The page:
In the build-up to war against Germany during the 1930s, the British began to invest in defensive-minded fighter platforms capable of intercepting and destroying the expected waves of inbound enemy bombers crossing the Channel. In May of 1937, Specification F.11/37 was drawn up for this purpose and saw several of the British defense "power players" submit proposals. Boulton Paul, already having secured orders with the Royal Air Force (RAF) for its "turret-armed" Defiant fighter (detailed elsewhere on this site), was selected for its "P.92" project submission.
There were some prerequisites of the design pushed by RAF authorities, namely a minimum top speed of 370 miles per hour and a service ceiling up to 35,000 feet. Armament was to be a concentrated battery of 4 x 20mm cannons, giving appropriate firepower against bombers of the day. The original commitment covered two flyable prototypes which would vary in their engine fit: one featuring the Rolls-Royce "Vulture II" and other to fly with the Napier "Sabre I". To achieve the desired performance and armament-carrying capability, a twin-engine arrangement was selected. The crew would number two, a pilot and a dedicated gunner to his rear - operating the power-operated turret featuring the automatic cannons set.
A mock-up was made ready for May of 1938 and this review forced some revisions to the proposed heavy fighter for Boulton. Wind tunnel testing commenced that November to prove various aspects of its aerodynamics sound. The overall design was somewhat conventional with the cockpit seated aft of a short nose section. Each engine was carried at the leading edges of straight winged mainplanes and the fuselage tapered to the rear in typical fashion. The tail incorporated a single rounded vertical fin and low-mounted horizontal planes. A tail-dragger undercarriage would be used for ground-running. Long and slender, the P.92 had the makings of a very advanced-looking aircraft.
Perhaps the most notable of all the P.92's features was the oversized, circular turret position worked into the aircraft's center (at the point where the two mainplanes were joined at the fuselage spine). The turret emplacement was contoured nicely to help promote good aerodynamics by helping to reduce drag. However, this was not the case in practice for testing showed considerable drag generated by the turret when it was either turned or the guns elevated beyond certain degrees.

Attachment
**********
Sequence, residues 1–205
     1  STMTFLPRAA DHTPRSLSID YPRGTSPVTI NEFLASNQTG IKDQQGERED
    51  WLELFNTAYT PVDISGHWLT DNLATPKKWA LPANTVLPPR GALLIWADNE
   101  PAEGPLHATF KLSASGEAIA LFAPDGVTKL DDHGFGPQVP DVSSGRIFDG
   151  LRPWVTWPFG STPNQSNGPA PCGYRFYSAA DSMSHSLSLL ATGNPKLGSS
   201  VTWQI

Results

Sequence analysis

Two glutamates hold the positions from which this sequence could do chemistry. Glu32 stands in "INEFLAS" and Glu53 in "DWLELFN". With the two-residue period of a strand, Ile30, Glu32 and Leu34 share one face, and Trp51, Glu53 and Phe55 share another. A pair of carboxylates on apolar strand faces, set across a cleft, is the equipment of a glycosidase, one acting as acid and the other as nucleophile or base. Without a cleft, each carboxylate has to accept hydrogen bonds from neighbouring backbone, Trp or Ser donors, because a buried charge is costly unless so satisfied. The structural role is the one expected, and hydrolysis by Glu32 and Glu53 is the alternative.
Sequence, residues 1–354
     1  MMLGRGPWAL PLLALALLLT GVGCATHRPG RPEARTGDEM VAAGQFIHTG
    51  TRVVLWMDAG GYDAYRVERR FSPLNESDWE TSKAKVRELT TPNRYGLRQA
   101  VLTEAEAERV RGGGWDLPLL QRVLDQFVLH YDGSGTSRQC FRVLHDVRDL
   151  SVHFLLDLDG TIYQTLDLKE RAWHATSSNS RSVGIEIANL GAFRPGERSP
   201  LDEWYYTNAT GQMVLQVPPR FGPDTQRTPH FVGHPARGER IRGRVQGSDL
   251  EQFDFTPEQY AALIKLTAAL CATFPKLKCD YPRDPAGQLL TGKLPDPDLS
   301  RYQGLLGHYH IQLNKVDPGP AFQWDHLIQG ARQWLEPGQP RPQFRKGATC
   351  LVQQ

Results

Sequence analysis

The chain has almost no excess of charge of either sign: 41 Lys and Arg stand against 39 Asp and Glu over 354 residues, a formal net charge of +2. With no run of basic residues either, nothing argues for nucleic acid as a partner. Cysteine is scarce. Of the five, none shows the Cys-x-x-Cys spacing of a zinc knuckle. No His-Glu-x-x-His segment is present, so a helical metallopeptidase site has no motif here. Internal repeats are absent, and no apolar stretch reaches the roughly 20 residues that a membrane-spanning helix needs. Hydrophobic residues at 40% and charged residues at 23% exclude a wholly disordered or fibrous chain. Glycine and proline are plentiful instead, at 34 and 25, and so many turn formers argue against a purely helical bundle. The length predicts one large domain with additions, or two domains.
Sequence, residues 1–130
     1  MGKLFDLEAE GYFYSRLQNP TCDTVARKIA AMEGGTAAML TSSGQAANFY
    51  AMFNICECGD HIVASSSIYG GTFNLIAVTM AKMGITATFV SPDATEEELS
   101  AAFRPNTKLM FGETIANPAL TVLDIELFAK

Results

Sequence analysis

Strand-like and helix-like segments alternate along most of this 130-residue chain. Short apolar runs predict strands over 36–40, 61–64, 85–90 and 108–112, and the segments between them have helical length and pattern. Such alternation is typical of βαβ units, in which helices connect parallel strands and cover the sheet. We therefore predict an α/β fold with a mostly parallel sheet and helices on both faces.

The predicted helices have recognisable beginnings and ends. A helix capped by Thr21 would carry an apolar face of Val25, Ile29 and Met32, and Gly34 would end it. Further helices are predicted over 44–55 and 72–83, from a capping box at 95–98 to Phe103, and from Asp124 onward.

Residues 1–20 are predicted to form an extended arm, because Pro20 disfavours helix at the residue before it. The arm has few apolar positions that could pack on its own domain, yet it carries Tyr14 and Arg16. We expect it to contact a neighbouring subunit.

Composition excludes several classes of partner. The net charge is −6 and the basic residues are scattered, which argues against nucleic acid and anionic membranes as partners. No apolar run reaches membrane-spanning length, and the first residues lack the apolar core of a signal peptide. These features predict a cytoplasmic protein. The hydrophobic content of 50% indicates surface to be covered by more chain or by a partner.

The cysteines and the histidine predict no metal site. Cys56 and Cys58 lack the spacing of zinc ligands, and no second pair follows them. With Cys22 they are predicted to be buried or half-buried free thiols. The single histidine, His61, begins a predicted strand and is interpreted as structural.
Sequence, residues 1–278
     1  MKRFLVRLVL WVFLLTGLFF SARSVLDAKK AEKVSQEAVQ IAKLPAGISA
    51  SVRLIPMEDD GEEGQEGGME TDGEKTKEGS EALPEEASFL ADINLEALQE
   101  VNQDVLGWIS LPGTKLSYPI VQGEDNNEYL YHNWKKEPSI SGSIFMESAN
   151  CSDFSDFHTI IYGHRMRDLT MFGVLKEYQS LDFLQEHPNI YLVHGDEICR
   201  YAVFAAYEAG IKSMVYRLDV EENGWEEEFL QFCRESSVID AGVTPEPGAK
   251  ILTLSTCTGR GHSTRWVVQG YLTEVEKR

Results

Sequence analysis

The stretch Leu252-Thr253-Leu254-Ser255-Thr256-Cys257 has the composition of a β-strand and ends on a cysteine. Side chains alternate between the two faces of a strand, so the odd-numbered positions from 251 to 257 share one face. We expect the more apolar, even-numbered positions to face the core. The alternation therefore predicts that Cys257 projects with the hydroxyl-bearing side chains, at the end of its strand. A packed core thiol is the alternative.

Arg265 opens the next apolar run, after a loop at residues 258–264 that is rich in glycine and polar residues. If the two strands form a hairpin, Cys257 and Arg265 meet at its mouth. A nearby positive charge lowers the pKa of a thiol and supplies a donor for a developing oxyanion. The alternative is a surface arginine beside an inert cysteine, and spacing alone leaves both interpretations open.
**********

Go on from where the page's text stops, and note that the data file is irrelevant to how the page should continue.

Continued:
Owing to the difficulties in solving several major issues with this turret installation aboard a high-speed aircraft (as well as ongoing issues with the proposed Vulture engines), the P.92 was cancelled in May of 1940 and the prototype's construction barely started.
Engineers estimated their P.92 to have a maximum speed of 384 miles per hour with a service ceiling nearing 38,000 feet. Rate-of-climb was 3,220 feet-per-minute. Dimensions included an overall length of 54.3 feet with a wingspan of 62.5 feet. Power from the Rolls-Royce Vulture II engines was 1,760 horsepower each (these driving three-bladed propeller units).
However, despite the cancellation of the P.92, the Air Ministry allowed the second prototype to gestate a little longer and, for this part of the program, the P.92.2 scale model (half-sized at 27.5 x 33 x 7.6 feet) test aircraft was built by Heston Aircraft (Boulton Paul was busy manufacturing for the war effort). Of note was its fixed, spatted main landing gear legs and 2 x de Havilland "Gipsy Major II" engines of 130 horsepower (each) installed (driving two-bladed propellers). To mimic the in-flight dynamics of the proposed turret emplacement, a dummy turret was installed over the center wing section. Construction was largely of wood (plywood) to keep things relatively economical and easy to repair. A first-flight was recorded in early 1941 but deeper trials were not had until mid-1943 at Boscombe Down. Test pilots did not hold the design in high regard for some of its inherent characteristics but judged handling to be quite good. Maximum speed in these trials reached around 155 miles per hour.
Besides some additional flying done with the prototype by the company, the P.92.2 went nowhere in terms of advancing to a viable combat form. Specification F.11/37 was stalled by this time and ultimately not revisited as the war turned attention to other projects and actions. The sole demonstrator was then purposely burned sometime during the 1950s, ending its test life in full.